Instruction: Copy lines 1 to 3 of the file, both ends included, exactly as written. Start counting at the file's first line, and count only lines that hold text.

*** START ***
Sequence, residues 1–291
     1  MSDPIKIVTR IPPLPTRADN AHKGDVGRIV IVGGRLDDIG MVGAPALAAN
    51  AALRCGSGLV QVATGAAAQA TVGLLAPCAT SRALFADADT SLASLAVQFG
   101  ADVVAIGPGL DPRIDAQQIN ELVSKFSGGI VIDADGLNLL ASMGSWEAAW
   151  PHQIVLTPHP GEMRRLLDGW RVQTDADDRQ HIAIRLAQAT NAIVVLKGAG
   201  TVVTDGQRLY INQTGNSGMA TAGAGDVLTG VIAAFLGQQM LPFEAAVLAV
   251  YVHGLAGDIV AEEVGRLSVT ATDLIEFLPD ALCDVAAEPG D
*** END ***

Sequence, residues 1–291
     1  MSDPIKIVTR IPPLPTRADN AHKGDVGRIV IVGGRLDDIG MVGAPALAAN
    51  AALRCGSGLV QVATGAAAQA TVGLLAPCAT SRALFADADT SLASLAVQFG